We are now delighted to bring you this rare, exceptional extra virgin olive oil, low acidity, packed with health enhancing polyphenols, and a taste like no other.
- We are delighted to announce that the New Harvest of Morocco Gold extra virgin olive oil (EVOO) is now available.
- Moroccan extra virgin olive oil (EVOO) is gaining popularity amongst health-conscious consumers with Morocco Gold extra virgin olive oil (EVOO) leading the way. This rare and exquisite extra virgin olive oil is known for its intense and delicate flavor, texture, and aroma. The oil is made from the first pressing of Picholine Marrocaine olives, which is why it is called “extra virgin.” Morocco Gold extra virgin olive oil is richer in nutrients and antioxidant polyphenols than the other types of olive oil, making it a healthy and nourishing addition to your diet.
- We are also delighted to say that the results from our annual analysis shows a consistently high specification:
|Total Polyphenols||626 mg/kg|
- Morocco Gold Extra Virgin Olive Oil New Harvest
- How Morocco Gold Extra Virgin Olive Oil Olives Are Grown
- When To Harvest Morocco Gold Extra Virgin Olive Oil Olives
- Harvesting Morocco Gold Extra Virgin Olive Oil Olives
- Morocco Gold Extra Virgin Olive Oil Harvesters: The Sisterhood
Morocco Gold Extra Virgin Olive Oil New Harvest
Our aim with Morocco Gold is always to bring the highest quality extra virgin olive oil from this amazing new source to health conscious food lovers – worldwide. We know that as well as the exquisite taste, its distinctive green fruitiness, hints of sweet almonds, fresh herbs and turf, our customers also value the many health benefits delivered by its high polyphenol content.
|Total Polyphenols||626 mg/kg|
The specific soil conditions of the Beni Mellal region, together with the mild winters and summers caressed by hot winds from the Sahara, make ideal growing conditions for growing the Picholine Marrocaine, the only type of olive used for Morocco Gold. The existence of centenary trees and traditional presses (maasras) testify to the longevity of olive cultivation in this area.
Olives from the Beni-Mellal region have been grown for centuries using traditional farming methods. The exceptionally high quality of Morocco Gold extra virgin olive oil is the result of care and attention to detail throughout the entire production process.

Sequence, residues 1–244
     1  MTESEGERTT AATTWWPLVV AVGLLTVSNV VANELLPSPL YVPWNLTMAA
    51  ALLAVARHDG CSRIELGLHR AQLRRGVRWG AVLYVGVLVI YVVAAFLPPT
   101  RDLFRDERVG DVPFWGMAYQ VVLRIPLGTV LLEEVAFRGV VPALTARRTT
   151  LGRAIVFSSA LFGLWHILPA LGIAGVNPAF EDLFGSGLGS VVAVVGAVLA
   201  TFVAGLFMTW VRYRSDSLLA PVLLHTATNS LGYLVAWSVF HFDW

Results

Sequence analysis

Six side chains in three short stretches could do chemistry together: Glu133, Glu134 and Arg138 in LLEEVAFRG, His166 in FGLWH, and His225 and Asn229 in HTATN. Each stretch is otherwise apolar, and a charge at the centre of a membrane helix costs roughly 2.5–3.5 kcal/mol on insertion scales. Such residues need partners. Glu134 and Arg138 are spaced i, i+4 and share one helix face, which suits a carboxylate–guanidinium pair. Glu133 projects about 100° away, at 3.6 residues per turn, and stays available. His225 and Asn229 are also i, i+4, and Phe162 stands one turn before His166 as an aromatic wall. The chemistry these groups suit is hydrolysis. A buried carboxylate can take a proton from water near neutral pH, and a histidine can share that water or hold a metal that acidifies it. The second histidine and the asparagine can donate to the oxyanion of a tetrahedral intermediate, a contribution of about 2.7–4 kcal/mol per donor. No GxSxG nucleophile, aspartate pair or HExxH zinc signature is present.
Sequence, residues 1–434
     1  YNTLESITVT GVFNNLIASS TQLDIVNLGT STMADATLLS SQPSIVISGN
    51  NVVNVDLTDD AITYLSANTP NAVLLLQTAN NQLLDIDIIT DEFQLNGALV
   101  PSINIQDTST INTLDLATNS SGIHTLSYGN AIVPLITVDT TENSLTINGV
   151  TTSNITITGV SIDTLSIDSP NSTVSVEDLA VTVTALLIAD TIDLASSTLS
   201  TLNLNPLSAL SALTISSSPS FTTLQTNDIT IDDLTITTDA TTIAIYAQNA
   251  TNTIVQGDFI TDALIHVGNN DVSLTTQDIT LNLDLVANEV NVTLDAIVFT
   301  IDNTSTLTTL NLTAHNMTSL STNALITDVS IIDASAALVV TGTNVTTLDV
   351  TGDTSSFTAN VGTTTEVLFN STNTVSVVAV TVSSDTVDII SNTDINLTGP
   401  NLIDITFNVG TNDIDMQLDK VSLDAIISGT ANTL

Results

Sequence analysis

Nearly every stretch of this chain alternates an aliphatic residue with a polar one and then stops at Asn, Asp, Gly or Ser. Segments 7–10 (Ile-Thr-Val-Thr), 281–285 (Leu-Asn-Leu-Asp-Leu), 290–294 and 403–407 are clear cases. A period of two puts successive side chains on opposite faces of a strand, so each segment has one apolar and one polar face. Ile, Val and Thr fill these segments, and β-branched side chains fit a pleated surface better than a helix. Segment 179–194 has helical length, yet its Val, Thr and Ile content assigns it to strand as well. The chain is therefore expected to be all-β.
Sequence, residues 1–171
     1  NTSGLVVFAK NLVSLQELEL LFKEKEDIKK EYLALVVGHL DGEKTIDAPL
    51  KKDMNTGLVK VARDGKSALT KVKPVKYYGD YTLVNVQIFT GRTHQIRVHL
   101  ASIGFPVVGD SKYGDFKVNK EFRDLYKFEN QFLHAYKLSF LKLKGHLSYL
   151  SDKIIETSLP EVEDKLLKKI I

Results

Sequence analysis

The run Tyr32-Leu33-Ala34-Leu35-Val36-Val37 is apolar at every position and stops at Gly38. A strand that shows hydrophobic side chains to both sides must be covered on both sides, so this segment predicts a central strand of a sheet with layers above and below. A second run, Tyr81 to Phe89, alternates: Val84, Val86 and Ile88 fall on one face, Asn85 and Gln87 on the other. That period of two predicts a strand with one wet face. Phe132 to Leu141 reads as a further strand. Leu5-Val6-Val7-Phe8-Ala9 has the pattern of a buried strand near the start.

How Morocco Gold Extra Virgin Olive Oil Olives Are Grown
Groundwork and tillage are carried out once or twice a year: once in winter to facilitate rainwater infiltration into the soil, and in spring to rotate the soil.
Any planting is done at the beginning of spring. There is some permitted intercropping of cereals, also almond trees, that contribute to the hint of almonds in Morocco Gold extra virgin olive oil.
In addition to natural rainfall, which is generally sufficient in the geographical area, trees are irrigated as needed during the period of vegetation of the olive tree, normally until the end of September.
Fruiting sizing and assessment of the maturity of the olive are carried out annually. The planned date of harvest is agreed based on the maturity index of the olives also the generations of experience of the olive farmers. Harvesting will then normally take place between the end of October and beginning of December.
When To Harvest Morocco Gold Extra Virgin Olive Oil Olives
If you’re a farmer, the word harvest elicits myriad emotions. Feelings range from stress to anxiety to relief and to hope and joy. And if you are fortunate enough to allow yourself a few spare moments during this exhausting season, you might just find yourself overwhelmed with a feeling of contentment and satisfaction rarely found in our modern world.
Determining when to harvest is not an exact science. It is an amalgam of a number of factors such as the desired olive oil yield, intended level of antioxidants, and, of course, the desired flavor profile.
It is important to strike the right balance for our Morocco Gold customers. Our aim is to combine the taste characteristics of a premium extra virgin olive oil, young and fruity, with the health enhancing polyphenols to create an extra virgin olive oil that is well balanced and not too ‘aggressive’ when taken on its own. The following illustrates the balance between maturity of the olive, the likely yield of oil and most importantly, the level of polyphenols achieved.
Our olives are picked early in the season when the fruit is young and green. This delivers a more intense, aromatic and complex colour, smell and flavour as well as a higher level of polyphenols. This gives Morocco Gold extra virgin olive oil more intense organoleptic properties.
As the fruit matures, the colour changes to red through to black. As it matures, the more oil juice will have formed and yields of olive oil will be higher. Many producers consider it better to have higher yields, however as shown, as the quantity of oil produced increases, the level of polyphenols will be lower.
A key to achieving this balance is the generations of experience of our olive growers, the care and attention they pay to their crop throughout the whole growing season, and the dedication and attention to detail paid during the harvesting process. We have been extremely fortunate to work with local experts to determine the exact right time to harvest.
Harvesting Morocco Gold Extra Virgin Olive Oil Olives
Harvesting requires a lot of preparation and planning including having our dedicated team of women harvesters, the ‘sisterhood’ ready and eager, the harvesting equipment in working order, transportation arranged to carry our olives to the mill, are just a few of the preparations that need to be in place.